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UKSolicitorJA, Solicitor
Category: Law
Satisfied Customers: 4312
Experience:  English solicitor with over 12 years experience
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I closed my business (a private partnership) 18 months ago

Customer Question

I closed my business (a private partnership) 18 months ago due to ill health. When we were in the process of closing, we wrote to all our suppliers to tell them we were closing and gave them a few months to submit invoices for any outstanding business. I have recently received a solicitors letter from an ex-supplier asking for payment of a substantial amount of unpaid invoices. We have been through our paperwork and it looks as though there probably is an amount due, but the majority of it goes back to over 4 years ago. At this time, the supplier was under different ownership and the company finally went into administration and was taken over. The outstanding invoices relate to business carried out both prior to Administration and post Administration under new ownership. Notwithstanding this, I don't have the money to pay the invoices because I am now disabled and unable to work. I am trying to locate the contract the supplier (the contract was signed by the original owner, pre-Administration), but believe it says that invoices must be submitted within 12 months of the goods or service being carried out or they will not be paid. Could you please advise on whether I will need to pay the invoices and where I stand legally? many thanks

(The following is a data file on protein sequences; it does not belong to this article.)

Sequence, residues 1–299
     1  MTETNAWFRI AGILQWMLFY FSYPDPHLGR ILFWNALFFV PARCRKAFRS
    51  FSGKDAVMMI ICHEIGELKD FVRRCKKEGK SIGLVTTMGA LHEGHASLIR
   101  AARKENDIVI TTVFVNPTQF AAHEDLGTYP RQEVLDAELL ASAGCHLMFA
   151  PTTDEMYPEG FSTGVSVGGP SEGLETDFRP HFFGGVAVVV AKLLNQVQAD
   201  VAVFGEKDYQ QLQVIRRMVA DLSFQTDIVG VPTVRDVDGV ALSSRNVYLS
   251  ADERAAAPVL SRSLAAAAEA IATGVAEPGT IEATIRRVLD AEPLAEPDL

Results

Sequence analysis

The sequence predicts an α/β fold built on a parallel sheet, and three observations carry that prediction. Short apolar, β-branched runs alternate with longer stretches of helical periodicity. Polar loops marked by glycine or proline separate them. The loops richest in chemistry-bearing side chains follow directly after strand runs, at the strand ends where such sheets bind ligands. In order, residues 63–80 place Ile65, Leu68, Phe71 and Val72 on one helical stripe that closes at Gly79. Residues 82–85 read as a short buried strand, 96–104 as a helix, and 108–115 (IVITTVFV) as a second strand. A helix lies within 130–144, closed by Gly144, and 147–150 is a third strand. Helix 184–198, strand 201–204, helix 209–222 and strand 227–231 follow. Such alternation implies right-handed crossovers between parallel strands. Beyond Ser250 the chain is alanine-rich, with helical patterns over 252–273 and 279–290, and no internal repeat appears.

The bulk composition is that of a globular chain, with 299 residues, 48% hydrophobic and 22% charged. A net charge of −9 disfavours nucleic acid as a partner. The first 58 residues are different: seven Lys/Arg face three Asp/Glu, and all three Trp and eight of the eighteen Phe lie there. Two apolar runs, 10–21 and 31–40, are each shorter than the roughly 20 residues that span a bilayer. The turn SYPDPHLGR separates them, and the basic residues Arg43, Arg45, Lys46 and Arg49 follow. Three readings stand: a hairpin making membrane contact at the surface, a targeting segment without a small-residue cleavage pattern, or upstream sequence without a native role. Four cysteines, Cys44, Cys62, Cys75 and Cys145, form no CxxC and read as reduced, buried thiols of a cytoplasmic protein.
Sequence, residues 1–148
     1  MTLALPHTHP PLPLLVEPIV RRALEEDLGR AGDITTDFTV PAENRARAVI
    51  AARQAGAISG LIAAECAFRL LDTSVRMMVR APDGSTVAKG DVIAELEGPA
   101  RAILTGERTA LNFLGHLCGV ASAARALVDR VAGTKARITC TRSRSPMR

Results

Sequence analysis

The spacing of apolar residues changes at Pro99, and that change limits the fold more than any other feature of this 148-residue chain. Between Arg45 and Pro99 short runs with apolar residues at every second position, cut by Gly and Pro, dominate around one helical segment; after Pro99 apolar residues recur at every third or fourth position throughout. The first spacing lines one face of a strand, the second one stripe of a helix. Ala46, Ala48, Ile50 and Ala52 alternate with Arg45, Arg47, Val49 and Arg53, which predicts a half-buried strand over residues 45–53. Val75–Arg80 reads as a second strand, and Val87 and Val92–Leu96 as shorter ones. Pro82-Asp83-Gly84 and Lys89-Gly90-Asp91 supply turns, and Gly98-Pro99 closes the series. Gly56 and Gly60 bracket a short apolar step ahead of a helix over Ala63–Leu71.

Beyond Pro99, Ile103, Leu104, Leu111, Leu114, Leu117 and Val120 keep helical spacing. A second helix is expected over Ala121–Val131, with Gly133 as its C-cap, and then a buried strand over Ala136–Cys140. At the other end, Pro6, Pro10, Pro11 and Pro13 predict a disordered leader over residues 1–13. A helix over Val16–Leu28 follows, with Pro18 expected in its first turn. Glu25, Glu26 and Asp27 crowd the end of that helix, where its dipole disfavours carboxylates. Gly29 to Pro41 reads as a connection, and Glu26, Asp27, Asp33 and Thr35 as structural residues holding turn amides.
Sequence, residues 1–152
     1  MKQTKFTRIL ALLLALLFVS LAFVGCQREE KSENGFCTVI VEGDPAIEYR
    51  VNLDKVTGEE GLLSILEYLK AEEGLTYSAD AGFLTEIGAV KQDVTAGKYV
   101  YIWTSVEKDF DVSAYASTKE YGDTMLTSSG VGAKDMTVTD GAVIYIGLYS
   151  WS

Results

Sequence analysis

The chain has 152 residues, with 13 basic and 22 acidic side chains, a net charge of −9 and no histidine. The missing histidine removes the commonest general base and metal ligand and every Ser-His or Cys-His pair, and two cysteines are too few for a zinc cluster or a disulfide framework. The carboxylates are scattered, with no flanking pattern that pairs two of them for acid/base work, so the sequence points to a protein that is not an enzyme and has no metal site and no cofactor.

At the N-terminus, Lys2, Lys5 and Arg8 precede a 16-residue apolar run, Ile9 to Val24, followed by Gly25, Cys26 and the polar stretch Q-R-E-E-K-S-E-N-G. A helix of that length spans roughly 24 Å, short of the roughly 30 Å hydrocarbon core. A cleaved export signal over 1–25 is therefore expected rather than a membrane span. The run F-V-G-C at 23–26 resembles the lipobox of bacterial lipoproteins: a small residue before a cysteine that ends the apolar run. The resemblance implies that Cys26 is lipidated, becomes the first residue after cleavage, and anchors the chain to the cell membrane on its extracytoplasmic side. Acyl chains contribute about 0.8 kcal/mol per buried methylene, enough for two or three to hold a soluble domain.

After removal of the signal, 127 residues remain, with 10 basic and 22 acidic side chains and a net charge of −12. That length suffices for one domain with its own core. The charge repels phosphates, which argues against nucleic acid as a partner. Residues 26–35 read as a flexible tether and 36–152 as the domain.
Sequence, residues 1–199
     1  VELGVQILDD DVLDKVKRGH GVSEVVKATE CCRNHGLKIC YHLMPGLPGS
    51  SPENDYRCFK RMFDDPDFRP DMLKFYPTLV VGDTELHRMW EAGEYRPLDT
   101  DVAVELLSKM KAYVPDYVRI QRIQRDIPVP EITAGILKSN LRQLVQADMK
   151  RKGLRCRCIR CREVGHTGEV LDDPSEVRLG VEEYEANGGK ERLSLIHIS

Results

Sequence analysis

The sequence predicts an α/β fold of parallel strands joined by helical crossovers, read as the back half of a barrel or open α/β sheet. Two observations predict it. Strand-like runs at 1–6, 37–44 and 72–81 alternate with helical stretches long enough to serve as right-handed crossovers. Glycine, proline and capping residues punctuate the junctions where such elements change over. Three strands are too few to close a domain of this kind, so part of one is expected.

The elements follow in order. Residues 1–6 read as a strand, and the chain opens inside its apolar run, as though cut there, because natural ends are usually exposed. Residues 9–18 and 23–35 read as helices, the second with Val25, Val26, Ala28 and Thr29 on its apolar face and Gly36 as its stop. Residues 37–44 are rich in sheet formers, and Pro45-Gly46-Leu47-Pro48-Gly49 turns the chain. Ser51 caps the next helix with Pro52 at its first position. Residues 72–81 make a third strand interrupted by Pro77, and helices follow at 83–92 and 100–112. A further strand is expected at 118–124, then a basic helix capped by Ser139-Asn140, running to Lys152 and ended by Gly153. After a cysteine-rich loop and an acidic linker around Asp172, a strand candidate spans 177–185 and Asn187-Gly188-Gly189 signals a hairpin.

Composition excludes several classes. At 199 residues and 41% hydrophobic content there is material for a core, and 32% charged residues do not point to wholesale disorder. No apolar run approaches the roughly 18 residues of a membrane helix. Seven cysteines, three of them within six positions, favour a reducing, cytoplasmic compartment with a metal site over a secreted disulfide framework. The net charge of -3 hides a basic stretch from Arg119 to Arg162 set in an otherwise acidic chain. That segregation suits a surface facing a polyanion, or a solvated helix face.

Submitted: 3 years ago.
Category: Law
Expert:  UKSolicitorJA replied 3 years ago.

S. 9 of the Partnership Act 1890 provides as follows:

Liability of partners.

Every partner in a firm is liable jointly with the other partners, and in Scotland severally also, for all debts and obligations of the firm incurred while he is a partner; and after his death his estate is also severally liable in a due course of administration for such debts and obligations, so far as they remain unsatisfied, but subject in England or Ireland to the prior payment of his separate debts.

So you would be jointly liable with your former partners for the debts of the partnership which arose while you were a partner.

However, if you are able to find the contract with the supplier which states that invoices must be submitted within 12 months and this was not done, you may defend the supplier's claim on the grounds that the supplier did not submit their invoice within the required time period and as a result the supplier is now time barred from claiming.

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